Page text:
My friendships with people like Guohong and Xiao Fan have allowed me to enter the world of migrants. By entering their worlds, I have been given an opportunity to “see and know,” as Christ did, that is, to witness first-hand the pressures that they face and have thus become more acutely aware of these vulnerable sheep who need a shepherd. These men were certainly intrigued by the novelty of forming a friendship with a foreigner but even more drawn by the experience of having someone from a higher (in their minds) social class express interest in them. The relational chasm between wealthy urban Christians and migrants remains, something that is not uncommon in our world, but felt more acutely, perhaps, in China’s cities. How can we help disciples of Christ in the city see and know the plight of their rural counterparts so that they can learn the compassion of Christ?
Missions: Empowerment, Christian Multiplication, and Full Circle
The ongoing movement of hundreds of millions of people throughout China—the “floating population”—is one of the best vehicles in the world today for fulfilling Christ’s global mandate. The father of republican China, Sun Yat-Sen, described the Chinese diaspora as being like sand scattered throughout the world and encouraged them to return to their homeland to help rebuild it. Today’s internal diaspora is also scattered like sand in every part of the nation. Christians who are part of this movement of people are more like seeds than sand, bringing the life and light of the kingdom to places in which they have been scattered.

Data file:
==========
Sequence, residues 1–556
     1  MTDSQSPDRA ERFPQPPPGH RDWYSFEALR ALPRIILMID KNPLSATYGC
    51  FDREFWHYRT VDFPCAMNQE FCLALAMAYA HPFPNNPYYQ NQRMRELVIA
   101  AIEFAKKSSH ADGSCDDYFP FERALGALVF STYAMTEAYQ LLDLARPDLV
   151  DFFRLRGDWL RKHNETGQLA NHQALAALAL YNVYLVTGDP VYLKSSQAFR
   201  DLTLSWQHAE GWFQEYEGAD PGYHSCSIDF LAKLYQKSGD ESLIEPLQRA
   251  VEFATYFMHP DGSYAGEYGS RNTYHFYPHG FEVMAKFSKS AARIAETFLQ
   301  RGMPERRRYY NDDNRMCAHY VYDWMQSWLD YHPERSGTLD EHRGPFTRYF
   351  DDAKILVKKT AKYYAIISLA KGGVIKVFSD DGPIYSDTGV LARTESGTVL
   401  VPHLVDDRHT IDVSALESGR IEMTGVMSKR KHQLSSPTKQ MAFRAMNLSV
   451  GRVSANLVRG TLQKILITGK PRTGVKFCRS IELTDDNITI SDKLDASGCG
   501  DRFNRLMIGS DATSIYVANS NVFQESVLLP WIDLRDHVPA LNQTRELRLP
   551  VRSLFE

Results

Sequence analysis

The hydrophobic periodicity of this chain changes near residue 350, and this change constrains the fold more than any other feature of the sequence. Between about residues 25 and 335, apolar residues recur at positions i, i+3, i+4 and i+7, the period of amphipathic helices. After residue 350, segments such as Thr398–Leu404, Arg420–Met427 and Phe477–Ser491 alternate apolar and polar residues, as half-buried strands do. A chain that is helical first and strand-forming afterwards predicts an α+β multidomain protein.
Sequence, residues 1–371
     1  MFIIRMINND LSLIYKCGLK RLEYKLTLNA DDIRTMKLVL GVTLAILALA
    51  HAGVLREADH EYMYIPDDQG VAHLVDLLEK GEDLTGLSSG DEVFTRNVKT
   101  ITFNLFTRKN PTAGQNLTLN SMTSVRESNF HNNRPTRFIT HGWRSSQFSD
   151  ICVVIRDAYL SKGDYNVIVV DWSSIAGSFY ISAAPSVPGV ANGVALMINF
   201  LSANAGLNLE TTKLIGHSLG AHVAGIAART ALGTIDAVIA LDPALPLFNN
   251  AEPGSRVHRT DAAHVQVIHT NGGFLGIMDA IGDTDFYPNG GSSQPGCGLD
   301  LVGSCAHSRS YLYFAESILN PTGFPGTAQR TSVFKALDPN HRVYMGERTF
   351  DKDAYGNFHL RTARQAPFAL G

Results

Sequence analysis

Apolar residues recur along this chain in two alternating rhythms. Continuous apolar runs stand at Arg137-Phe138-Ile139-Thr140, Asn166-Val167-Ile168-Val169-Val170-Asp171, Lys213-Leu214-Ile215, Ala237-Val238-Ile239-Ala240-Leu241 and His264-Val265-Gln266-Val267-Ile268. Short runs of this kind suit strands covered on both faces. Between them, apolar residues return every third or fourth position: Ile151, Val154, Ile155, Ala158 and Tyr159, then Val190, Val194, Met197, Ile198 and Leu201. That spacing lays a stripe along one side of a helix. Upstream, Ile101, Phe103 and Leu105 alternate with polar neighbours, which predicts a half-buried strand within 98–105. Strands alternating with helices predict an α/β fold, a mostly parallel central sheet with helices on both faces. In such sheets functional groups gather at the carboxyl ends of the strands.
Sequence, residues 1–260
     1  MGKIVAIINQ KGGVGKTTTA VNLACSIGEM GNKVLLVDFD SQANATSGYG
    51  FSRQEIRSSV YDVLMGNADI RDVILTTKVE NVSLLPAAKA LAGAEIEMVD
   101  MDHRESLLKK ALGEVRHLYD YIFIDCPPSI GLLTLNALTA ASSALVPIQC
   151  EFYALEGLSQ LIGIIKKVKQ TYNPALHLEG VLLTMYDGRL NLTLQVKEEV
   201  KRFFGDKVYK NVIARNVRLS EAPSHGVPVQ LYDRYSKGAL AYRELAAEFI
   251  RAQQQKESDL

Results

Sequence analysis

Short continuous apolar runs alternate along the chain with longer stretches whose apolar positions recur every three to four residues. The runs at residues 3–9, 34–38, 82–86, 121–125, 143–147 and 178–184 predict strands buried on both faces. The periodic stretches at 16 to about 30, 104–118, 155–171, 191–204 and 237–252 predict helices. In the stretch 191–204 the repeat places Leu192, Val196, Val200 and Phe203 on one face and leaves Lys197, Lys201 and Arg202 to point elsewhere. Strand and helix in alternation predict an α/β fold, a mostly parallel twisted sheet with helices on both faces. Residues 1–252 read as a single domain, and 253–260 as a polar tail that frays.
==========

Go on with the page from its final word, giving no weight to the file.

Stephen is a church planter now in his mid-40s, originally from Henan, who moved to the southern part of Beijing. He came to the city with his wife and two children, found a job to support his family, and began sharing the gospel. Some years back, Stephen had attended a Bible school in his hometown and from that time on realized that his mission in life was greater than just working to support his family. Within two years after moving to Beijing, as a result of both his and his wife’s gospel witness, Stephen had planted two churches. He quit his job to focus his attention on building the growing body and planted several more churches. Over the years he has trained coworkers to help care for the growing flock.